Area Resident Among Winners in Statewide Mapping Contest

fair mapping

CHESTER COUNTY, PA  — Fair Districts PA announced winners in a recent contest inviting Pennsylvania citizens to draw their own state legislative district maps (PA House and Senate), among them included Michael Skros of Chester County.

The Senate map winners were:

  • Gavin Beckett, Dauphin County
  • Ryan Cedzo, Erie County
  • Kyle Hynes, Centre County
  • Michael Skros, Chester County
  • Michael Waxenberg, Pike County

Winning PA House Map entries:

  • Sean Cardinale, Berks County
  • Ryan Cedzo, Erie County
  • Jacob Moser, York County
  • Lexie Rodriguez, Allegheny County
  • Michael Skros, Chester County

The contest is part of ongoing efforts to educate Pennsylvanians on both the importance and the challenges of creating district maps that are fairly drawn. The goal is to reduce the state’s rating as among the most gerrymandered in the nation. An additional goal is to encourage citizens to submit their own maps to legislative committees preparing to draw new Pennsylvania Congressional districts and to the Legislative Redistricting Commission (LRC) charged with updating state House and Senate district maps.

Redistricting, the updating of these maps, is required nationwide every ten years to assure that state and national population, as determined by the latest U.S. census, is equally distributed.  For Pennsylvania that involves 17 congressional districts (reflecting loss of a PA seat due to population changes nationwide), 50 state Senate and 203 House districts.

Contestants were asked to incorporate values expressed in the Legislative and Congressional Redistricting Act, a bill introduced in both 2020 and 2021 but not given a vote. The process demonstrated the need to balance multiple constitutional values, including compactness and minimal splits to counties, cities, boroughs and wards. At the same time, the mappers were also asked to pay attention to legal precedent supporting minority representation and the right to free and equal elections, while also observing concerns raised by voters: keeping communities intact, observing geographic boundaries, and attempting to create a map responsive to voters.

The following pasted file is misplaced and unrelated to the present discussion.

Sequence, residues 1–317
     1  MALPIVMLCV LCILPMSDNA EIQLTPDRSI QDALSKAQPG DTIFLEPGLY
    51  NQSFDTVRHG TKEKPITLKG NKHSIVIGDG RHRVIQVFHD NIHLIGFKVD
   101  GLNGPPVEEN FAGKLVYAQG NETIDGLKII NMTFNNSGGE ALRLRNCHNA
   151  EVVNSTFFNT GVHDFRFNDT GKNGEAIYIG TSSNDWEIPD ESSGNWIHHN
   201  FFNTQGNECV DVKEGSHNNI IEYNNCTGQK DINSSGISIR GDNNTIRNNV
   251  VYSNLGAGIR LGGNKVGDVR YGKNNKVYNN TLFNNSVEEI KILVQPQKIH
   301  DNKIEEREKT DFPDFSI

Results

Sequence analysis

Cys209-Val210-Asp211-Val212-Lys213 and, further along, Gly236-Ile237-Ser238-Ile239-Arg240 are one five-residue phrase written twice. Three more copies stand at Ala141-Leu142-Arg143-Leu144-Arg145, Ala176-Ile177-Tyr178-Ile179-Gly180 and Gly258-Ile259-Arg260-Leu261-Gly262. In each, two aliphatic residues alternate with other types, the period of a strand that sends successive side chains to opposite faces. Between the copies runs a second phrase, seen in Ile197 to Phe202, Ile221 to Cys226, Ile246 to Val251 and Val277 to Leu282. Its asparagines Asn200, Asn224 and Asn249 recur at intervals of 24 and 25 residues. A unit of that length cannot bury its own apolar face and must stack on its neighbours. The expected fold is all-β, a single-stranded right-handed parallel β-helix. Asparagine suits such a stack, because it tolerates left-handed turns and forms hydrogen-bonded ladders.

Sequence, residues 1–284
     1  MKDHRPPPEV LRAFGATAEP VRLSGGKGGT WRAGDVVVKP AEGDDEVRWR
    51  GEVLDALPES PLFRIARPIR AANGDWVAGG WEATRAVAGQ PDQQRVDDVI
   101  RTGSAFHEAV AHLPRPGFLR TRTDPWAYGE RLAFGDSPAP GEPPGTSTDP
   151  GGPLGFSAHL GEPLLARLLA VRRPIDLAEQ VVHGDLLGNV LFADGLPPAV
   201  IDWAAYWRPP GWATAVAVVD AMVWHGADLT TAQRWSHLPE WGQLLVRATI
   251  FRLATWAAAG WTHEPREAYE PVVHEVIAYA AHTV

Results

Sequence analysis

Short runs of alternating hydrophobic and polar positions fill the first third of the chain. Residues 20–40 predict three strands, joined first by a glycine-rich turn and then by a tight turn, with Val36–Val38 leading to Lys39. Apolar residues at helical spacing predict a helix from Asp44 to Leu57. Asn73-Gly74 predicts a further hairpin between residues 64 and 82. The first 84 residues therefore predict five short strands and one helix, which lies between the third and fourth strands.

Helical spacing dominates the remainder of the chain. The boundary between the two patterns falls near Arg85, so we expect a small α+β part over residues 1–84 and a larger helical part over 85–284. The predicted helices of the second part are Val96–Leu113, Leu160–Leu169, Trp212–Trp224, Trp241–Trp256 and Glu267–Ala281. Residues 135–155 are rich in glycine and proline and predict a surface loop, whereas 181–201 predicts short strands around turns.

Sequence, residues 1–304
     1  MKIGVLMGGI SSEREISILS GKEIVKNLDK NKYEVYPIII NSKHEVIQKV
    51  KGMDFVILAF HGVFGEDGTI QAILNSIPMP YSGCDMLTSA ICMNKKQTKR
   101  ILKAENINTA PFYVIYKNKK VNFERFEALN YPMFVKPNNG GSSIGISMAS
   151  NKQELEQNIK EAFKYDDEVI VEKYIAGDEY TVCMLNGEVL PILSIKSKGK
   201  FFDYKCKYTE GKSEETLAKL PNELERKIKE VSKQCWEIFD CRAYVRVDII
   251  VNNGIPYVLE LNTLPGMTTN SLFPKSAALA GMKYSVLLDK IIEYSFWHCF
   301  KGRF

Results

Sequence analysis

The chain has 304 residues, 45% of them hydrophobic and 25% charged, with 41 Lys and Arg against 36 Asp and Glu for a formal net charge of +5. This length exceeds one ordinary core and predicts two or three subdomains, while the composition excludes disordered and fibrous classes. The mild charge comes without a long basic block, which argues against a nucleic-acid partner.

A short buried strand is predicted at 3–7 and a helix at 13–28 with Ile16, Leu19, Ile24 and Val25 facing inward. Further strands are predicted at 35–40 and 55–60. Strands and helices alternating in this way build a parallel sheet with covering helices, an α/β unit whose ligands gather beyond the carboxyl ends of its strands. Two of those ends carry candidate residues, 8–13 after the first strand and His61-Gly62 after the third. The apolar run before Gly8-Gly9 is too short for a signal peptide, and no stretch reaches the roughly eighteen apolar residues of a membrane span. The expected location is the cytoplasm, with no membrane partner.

“The Fair Districts PA contest had a very short time frame,” said Carol Kuniholm, Chair of Fair Districts PA.  “Contestants had less than three weeks to draw their maps. The fact that citizen mappers could complete their work, without advance notice, in our compressed time frame demonstrates there will be plenty of time for professional mappers to do it properly, even with the delays in receiving U.S. Census data due to Covid.”

During a recent Zoom forum announcing the winners, mapping experts and some winning contestants discussed the challenge of incorporating multiple values. According to Michael Waxenberg, a winner in the state Senate map category, “There is no best map.  It’s a process of trial and error, balancing issues of compactness, fairness, lack of bias, and equal numbers of residents.  Because of that, it is important that those who draw the final maps decide up front what their priorities are.  The clearer they are, the easier it will be to do the work and for Pennsylvanians to study the results and have faith in them.”

Some observed that different approaches may be needed in urban areas with dense populations versus rural sectors of the state. They also noted that the latest census shows Pennsylvania’s population is steadily shifting – from rural to urban areas, and from the Northwest to the center and southeastern part of the state.

Several winning mappers will now work with Fair Districts PA volunteers to create composite PA house and senate maps, incorporating lessons learned from all the winning maps and the competition itself. Fair Districts PA groups will convene local and regional community mapping conversations to provide further feedback on proposed composite maps. Finalized maps will be submitted to the Legislative Reapportionment Commission as testimony sometime later this fall. Learn more about mapping meetings and other ways to be involved in the redistricting process at

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